David Norman Dinkins is an American politician who served as the 106th Mayor of New York City, from 1990 to 1993. He was the first and, to date, only African American to hold that office. Before entering politics, Dinkins served in the US Marine Corps, graduated cum laude from Howard University, and received a law degree from Brooklyn Law School. He served as Manhattan Borough President prior to becoming mayor. Under the Dinkins administration, crime in New York City decreased more dramatically and more rapidly than at any time in previous New York City history. After leaving office, Dinkins was named professor of public affairs at Columbia University. Dinkins was a member of the Board of Directors of the United States Tennis Association, and a member of The Jazz Foundation of America. He serves on the boards of the New York City Global Partners, the Children's Health Fund (CHF), the Association to Benefit Children and the Nelson Mandela Children's Fund (NMCF). Dinkins is also on the Advisory Board of Independent News & Media and the Black Leadership Forum, is a member of the Council on Foreign Relations and is Chairman Emeritus of the Board of Directors of the National Black Leadership Commission on AIDS.
Jack Roosevelt "Jackie" Robinson was an American Major League Baseball (MLB) second baseman who became the first African American to play in the major leagues in the modern era. Robinson broke the baseball color line when the Brooklyn Dodgers started him at first base on April 15, 1947. The Dodgers, by playing Robinson, ended racial segregation that had relegated black players to the Negro leagues since the 1880s. Robinson was inducted into the Baseball Hall of Fame in 1962.Robinson's character, his use of nonviolence and his unquestionable talent challenged the traditional basis of segregation which then marked many other aspects of American life. He had an impact on the culture and contributed significantly to the Civil Rights Movement. Robinson also was the first black television analyst in MLB, and the first black vice president of a major American corporation, Chock full o'Nuts. In the 1960s, he helped establish the Freedom National Bank, an African-American-owned financial institution based in Harlem, New York. In recognition of his achievements on and off the field, Robinson was posthumously awarded the Congressional Gold Medal and Presidential Medal of Freedom.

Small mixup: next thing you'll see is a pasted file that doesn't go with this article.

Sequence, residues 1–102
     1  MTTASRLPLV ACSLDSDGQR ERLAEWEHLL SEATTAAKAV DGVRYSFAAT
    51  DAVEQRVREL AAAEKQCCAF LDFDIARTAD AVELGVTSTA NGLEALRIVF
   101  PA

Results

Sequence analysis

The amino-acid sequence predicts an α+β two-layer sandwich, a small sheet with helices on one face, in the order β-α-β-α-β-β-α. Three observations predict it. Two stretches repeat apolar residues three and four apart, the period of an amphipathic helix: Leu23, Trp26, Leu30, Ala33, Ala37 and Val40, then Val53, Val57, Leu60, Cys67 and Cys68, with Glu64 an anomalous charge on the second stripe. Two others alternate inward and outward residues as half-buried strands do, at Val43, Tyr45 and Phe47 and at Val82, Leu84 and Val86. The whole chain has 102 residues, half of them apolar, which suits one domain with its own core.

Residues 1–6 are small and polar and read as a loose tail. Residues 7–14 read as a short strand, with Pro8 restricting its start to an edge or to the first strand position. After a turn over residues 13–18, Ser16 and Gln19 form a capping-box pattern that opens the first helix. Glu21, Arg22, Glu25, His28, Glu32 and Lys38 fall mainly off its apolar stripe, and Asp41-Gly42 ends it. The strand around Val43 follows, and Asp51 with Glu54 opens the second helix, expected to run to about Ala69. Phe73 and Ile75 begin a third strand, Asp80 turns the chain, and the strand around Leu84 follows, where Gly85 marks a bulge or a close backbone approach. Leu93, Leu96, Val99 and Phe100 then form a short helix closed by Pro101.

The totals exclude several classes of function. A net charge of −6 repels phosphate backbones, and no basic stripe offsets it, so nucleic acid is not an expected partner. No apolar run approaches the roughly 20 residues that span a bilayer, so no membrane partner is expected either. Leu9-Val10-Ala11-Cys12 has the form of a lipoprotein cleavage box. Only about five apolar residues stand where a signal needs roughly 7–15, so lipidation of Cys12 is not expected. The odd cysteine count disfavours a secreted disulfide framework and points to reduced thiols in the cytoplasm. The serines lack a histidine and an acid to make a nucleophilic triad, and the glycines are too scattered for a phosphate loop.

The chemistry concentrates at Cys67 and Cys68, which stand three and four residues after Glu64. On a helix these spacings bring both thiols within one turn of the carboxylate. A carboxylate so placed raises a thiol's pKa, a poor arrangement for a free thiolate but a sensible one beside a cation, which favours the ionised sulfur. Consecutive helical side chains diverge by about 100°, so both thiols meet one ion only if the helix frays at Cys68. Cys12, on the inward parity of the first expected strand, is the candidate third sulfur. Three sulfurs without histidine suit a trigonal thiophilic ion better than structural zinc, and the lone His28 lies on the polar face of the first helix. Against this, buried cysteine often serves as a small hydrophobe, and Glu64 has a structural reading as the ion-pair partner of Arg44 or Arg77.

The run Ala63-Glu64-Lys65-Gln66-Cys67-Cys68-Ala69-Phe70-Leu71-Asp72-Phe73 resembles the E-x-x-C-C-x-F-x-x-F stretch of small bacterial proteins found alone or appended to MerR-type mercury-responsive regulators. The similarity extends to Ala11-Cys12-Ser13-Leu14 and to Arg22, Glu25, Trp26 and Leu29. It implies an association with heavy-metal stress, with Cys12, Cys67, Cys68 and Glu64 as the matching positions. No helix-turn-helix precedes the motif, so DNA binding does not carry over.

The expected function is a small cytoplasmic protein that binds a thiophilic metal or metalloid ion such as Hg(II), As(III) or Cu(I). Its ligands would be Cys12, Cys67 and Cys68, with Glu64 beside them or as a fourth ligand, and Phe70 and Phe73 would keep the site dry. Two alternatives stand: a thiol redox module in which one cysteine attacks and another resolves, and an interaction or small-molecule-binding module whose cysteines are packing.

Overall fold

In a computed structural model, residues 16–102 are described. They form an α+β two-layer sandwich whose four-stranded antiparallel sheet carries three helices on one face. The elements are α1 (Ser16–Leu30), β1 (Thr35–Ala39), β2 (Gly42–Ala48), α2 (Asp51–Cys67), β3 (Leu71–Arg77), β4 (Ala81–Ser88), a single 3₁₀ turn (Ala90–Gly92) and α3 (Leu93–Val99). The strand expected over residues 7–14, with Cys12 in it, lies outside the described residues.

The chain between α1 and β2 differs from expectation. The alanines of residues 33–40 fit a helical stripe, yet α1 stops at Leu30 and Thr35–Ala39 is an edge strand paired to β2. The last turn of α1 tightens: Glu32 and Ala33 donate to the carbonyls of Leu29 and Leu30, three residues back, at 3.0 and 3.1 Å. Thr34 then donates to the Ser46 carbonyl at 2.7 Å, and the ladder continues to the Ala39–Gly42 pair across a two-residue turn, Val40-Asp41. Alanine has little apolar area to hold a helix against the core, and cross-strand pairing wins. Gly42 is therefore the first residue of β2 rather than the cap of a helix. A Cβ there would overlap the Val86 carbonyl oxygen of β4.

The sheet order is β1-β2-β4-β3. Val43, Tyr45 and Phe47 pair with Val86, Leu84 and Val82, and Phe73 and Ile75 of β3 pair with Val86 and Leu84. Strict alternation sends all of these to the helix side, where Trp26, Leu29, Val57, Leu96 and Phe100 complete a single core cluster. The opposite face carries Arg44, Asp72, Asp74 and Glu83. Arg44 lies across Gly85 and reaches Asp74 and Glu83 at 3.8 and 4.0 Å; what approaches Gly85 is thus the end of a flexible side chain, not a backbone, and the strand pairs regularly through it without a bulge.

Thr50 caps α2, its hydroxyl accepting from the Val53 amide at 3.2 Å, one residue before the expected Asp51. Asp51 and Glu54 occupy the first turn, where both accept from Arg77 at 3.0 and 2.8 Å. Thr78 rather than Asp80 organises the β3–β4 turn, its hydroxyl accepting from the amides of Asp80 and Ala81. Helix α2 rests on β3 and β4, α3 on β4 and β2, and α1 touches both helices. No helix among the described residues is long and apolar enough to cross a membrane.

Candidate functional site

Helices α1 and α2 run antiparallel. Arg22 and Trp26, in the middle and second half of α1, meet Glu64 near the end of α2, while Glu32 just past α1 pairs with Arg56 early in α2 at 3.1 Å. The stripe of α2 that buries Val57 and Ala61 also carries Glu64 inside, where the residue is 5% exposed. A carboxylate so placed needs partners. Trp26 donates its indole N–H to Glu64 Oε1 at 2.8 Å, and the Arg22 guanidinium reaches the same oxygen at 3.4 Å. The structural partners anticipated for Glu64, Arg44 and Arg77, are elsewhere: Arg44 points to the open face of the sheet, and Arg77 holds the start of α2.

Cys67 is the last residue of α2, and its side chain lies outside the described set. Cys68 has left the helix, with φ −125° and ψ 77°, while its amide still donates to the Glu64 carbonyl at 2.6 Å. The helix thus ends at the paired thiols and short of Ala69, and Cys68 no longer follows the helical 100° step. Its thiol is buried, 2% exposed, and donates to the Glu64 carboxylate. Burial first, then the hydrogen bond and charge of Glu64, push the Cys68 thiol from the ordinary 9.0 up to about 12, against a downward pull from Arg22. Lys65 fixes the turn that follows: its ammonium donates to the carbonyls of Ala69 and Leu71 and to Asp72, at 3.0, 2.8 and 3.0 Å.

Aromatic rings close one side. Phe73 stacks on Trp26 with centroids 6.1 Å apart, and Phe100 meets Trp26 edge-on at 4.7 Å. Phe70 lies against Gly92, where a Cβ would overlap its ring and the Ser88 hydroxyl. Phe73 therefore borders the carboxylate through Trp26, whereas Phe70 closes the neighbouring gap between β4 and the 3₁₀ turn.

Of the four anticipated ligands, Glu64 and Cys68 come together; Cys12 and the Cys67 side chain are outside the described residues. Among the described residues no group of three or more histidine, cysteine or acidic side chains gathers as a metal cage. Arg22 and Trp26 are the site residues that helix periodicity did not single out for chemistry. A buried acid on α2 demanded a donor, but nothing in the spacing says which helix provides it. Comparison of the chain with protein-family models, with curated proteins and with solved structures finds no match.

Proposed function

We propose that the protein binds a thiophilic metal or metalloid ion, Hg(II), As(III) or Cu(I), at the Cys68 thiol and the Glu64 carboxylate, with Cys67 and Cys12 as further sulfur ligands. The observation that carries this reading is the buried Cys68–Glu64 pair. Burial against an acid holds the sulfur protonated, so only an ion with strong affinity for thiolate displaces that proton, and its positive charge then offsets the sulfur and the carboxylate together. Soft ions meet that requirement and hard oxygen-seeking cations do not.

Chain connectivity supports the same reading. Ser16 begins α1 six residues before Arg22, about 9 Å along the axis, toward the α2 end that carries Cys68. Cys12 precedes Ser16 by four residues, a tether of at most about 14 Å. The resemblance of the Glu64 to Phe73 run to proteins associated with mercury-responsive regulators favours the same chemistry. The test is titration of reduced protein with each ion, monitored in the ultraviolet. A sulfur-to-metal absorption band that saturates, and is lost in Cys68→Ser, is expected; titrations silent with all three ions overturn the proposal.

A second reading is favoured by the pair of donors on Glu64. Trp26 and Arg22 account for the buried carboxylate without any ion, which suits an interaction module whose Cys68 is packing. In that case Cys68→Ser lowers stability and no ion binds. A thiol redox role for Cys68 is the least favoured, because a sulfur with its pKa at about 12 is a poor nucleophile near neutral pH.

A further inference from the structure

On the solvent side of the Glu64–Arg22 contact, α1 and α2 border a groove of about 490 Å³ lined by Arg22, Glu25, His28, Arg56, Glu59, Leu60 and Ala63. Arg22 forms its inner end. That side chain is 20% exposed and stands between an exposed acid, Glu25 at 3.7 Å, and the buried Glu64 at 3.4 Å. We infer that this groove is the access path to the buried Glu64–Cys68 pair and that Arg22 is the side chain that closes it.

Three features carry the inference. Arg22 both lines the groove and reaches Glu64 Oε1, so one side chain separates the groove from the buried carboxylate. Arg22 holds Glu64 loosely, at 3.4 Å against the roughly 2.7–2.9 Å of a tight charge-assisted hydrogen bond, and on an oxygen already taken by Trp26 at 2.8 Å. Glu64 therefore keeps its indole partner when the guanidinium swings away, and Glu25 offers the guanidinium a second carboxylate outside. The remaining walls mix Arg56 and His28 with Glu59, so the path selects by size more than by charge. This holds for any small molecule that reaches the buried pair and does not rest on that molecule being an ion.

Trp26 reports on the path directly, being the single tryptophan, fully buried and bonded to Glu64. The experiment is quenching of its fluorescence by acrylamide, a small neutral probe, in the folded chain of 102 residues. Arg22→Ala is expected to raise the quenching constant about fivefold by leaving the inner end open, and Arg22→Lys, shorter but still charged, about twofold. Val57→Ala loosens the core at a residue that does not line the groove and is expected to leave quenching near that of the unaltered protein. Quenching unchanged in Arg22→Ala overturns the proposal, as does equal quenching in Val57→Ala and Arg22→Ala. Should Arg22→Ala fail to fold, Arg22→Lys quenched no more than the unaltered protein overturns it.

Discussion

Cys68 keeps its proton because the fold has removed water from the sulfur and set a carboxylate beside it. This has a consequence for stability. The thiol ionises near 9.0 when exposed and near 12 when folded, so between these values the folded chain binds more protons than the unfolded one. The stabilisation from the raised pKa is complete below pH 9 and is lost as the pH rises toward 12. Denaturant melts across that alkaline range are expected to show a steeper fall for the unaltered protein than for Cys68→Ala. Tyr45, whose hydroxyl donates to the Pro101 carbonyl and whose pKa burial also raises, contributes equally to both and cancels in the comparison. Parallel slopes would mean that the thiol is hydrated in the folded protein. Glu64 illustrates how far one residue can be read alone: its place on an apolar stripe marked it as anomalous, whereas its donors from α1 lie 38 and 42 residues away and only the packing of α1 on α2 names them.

Robert J. Mangum
Robert Mangum had a diverse career as the youngest deputy police commissioner in New York City, chairman of human rights for New York State, and the chairman of the New York affiliate of the National Urban League. Mangum also served as the appointed director of the Northeast region of the Office of Economic Opportunity, the lead agency in President Johnson’s war on poverty. In 1971, he became the first black judge appointed to the New York State Court of Claims, which adjudicates claims against the state. Mangum earned a bachelor’s degree in the social sciences from the City College of New York, a law degree from Brooklyn Law School, and a master’s in public administration from New York University. (Full Bio: http://nyti.ms/1Nt62RU)
J. Bruce Llewellyn
J. Bruce Llewellyn was a prominent American businessman. His personal wealth has been estimated to exceed $160 million. In 1963, he joined others to found 100 Black Men of America, a social and philanthropic organization. In 1985, he and a group of business partners, among them Julius Erving, Bill Cosby, and Shahara Ahmad-Llewellyn, bought a majority share of the Philadelphia Coca-Cola Bottling Company, the first of the company's bottling plants to be acquired by a black person or persons.
Cyril deGrasse Tyson
Cyril deGrasse Tyson, is a sociologist who became the first Director of Harlem Youth Opportunities Unlimited (HARYOU), a social activism organization founded in 1962. The group worked to increase opportunities in education and employment for young blacks in Harlem. It also was designed to teach residents of Harlem how to work with governmental agencies to meet their demands. Mr. Tyson also served as a human resource commissioner for New York City Mayor John Lindsay in 1965. He is the author of numerous books including “2 Years Before the Riot!: Newark, New Jersey and the United Community Corporation 1964-1966;” Power And Politics In Central Harlem, 1862-1964: The Haryou Experience;” and The "Unconditional War on Poverty": And the Use of Computer Technology by Community Action Agencies 1965-1972.”
Roscoe C. Brown, Jr. is one of the Tuskegee Airmen and former squadron commander of the 100th Fighter Squadron of the 332nd Fighter Group. He served in the U.S. Army Air Forces in Europe during World War II. Prior to his wartime service, he graduated from Springfield College, Springfield, Mass., where he was valedictorian of the Class on 1943. After the war, Captain Brown resumed his education. His doctoral dissertation was on exercise physiology and he became a professor at New York University and President of Bronx Community College. On March 29, 2007, Brown attended a ceremony in the U.S. Capitol rotunda, where he and the other Tuskegee Airmen collectively, not individually, were awarded the Congressional Gold Medal in recognition of their service. He is currently a professor of Urban Education at the CUNY Graduate Center.